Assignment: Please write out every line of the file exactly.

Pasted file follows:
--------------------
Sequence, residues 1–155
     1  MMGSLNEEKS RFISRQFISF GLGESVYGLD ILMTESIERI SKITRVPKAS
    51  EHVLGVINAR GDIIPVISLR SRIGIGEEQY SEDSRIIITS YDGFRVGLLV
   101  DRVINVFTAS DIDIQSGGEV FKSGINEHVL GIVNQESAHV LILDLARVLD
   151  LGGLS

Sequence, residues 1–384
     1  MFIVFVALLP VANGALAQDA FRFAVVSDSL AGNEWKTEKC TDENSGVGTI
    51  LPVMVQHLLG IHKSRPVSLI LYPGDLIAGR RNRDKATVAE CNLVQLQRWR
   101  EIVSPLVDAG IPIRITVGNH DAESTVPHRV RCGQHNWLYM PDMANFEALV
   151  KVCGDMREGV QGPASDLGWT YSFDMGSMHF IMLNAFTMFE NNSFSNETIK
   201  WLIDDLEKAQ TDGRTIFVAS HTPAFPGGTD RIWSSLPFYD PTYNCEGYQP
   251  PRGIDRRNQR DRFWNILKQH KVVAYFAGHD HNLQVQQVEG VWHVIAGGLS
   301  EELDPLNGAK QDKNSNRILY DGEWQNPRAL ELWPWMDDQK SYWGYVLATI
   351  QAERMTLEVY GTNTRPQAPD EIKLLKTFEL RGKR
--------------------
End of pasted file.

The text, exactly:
Sequence, residues 1–155
     1  MMGSLNEEKS RFISRQFISF GLGESVYGLD ILMTESIERI SKITRVPKAS
    51  EHVLGVINAR GDIIPVISLR SRIGIGEEQY SEDSRIIITS YDGFRVGLLV
   101  DRVINVFTAS DIDIQSGGEV FKSGINEHVL GIVNQESAHV LILDLARVLD
   151  LGGLS

Sequence, residues 1–384
     1  MFIVFVALLP VANGALAQDA FRFAVVSDSL AGNEWKTEKC TDENSGVGTI
    51  LPVMVQHLLG IHKSRPVSLI LYPGDLIAGR RNRDKATVAE CNLVQLQRWR
   101  EIVSPLVDAG IPIRITVGNH DAESTVPHRV RCGQHNWLYM PDMANFEALV
   151  KVCGDMREGV QGPASDLGWT YSFDMGSMHF IMLNAFTMFE NNSFSNETIK
   201  WLIDDLEKAQ TDGRTIFVAS HTPAFPGGTD RIWSSLPFYD PTYNCEGYQP
   251  PRGIDRRNQR DRFWNILKQH KVVAYFAGHD HNLQVQQVEG VWHVIAGGLS
   301  EELDPLNGAK QDKNSNRILY DGEWQNPRAL ELWPWMDDQK SYWGYVLATI
   351  QAERMTLEVY GTNTRPQAPD EIKLLKTFEL RGKR